My rating: 4 of 5 stars
There’s something different about Sam of Haywood, trainee to the Paladins. Though as brash and skilled as the rest of the recruits, Sam has a secret. She is the daughter of a Duke determined to make her way as a warrior in a world full of demons.
The book opens on a tragedy which scars Sam for the rest of the story and spurs her to action. She is to be trained by Paladin Lyons alongside another recruit, a half-demon named Braedon. Sent out of the camp on a new mission, they bond and grow stronger on their journey.
Sam is one of those rare characters who knows her own mind and won’t back down, not ever, not even when it’s in her best interests. There is always the risk with gender-bending stories like this that the woman will give in after the battle is over and go back to being a wife or a girlfriend or something other than herself, defined by her relationship with men. Yet although many of the characters of this story are men, Sam is not defined by them. Even romance does not make her lose her independence.
There’s a thousand things I enjoyed about this book. It was an easy read and addictive too. I could not wait to find out what happened next and though there was one particular plot point that was obvious long before it twisted, there were satisfying and unexpected ones along the way.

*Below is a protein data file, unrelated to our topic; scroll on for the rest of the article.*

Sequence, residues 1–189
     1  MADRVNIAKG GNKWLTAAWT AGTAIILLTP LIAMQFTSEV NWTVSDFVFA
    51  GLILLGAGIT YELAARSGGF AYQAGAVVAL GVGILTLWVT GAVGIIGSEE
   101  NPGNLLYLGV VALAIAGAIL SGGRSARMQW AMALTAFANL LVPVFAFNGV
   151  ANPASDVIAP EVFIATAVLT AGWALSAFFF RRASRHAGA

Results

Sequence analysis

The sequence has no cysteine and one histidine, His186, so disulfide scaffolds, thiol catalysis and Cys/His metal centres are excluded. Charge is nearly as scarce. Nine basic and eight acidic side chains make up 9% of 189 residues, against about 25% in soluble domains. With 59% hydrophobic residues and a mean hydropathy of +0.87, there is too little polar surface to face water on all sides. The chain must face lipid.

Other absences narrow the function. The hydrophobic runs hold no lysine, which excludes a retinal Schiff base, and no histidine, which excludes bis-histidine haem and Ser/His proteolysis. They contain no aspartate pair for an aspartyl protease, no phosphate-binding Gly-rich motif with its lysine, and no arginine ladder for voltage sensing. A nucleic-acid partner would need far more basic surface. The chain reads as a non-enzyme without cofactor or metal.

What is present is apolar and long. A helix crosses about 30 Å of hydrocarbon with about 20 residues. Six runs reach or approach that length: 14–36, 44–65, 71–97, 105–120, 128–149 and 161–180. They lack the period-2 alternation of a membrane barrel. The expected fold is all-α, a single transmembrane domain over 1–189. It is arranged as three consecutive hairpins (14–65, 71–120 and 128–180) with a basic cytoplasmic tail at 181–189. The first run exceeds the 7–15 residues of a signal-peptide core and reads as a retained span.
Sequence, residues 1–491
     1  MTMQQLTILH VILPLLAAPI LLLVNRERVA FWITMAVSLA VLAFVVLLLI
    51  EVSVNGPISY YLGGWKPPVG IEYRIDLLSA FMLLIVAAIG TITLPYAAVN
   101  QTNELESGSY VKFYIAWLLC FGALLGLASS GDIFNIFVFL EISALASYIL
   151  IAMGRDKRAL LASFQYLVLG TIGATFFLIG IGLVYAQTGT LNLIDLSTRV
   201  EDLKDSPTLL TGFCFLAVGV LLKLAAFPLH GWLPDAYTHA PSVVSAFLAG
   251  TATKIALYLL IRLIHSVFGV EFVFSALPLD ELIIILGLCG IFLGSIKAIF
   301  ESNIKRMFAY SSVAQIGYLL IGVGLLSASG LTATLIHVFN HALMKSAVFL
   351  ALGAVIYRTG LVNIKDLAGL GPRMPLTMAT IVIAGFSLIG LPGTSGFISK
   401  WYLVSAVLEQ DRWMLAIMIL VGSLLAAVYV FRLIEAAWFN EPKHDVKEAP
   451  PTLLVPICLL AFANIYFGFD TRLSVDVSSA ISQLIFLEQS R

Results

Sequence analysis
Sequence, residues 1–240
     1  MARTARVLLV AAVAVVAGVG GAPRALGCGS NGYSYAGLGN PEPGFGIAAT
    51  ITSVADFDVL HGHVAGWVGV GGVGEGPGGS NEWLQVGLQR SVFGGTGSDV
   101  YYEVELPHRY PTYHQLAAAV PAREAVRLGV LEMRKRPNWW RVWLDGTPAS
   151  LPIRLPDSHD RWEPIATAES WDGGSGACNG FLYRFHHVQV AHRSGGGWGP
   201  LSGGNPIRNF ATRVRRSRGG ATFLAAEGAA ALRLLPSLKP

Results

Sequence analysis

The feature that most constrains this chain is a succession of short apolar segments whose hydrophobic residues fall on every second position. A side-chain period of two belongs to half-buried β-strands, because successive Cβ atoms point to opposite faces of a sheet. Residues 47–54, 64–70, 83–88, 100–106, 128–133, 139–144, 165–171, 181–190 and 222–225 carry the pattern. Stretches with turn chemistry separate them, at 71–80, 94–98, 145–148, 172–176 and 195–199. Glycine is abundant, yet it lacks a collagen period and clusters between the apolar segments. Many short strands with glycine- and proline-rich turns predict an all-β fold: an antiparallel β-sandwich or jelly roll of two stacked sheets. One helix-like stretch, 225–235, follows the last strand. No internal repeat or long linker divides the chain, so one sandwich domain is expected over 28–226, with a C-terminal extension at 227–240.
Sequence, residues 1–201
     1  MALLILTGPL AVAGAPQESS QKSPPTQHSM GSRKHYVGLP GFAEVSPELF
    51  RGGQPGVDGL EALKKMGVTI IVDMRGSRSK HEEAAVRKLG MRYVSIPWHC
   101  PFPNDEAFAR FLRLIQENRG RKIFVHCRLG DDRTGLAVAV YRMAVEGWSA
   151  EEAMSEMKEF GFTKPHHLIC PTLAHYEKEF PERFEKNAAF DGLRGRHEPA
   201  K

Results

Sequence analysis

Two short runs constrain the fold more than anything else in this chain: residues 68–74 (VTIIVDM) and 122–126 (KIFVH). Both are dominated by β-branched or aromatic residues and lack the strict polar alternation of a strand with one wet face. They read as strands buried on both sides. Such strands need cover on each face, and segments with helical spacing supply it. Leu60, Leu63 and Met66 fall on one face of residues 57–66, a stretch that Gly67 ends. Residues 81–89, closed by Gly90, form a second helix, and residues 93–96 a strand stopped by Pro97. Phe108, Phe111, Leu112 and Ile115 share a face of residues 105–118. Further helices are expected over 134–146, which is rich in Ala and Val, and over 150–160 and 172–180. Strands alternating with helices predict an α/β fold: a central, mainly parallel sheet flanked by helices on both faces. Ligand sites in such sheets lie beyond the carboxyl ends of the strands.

The best thing about this is book is the way the relationships are handled. Without giving too much away, Sam gets entangled with someone who could do her harm and yet it reads more like a Black-Widow-and-Hulk than your generic Twilight romance. Yes, there’s a risk involved, but Sam can handle herself and makes sure everyone knows it. A lot.
Sam of Haywood deserves a place in the zeitgeist as one of the best characters around. The only reason I haven’t rated this as five stars is because the ending drags its feet too much but it didn’t take away from the quality of the story as a whole.
If you’re a fan of well-written and fun fantasy books with believable and interesting characters, give Paladin a try.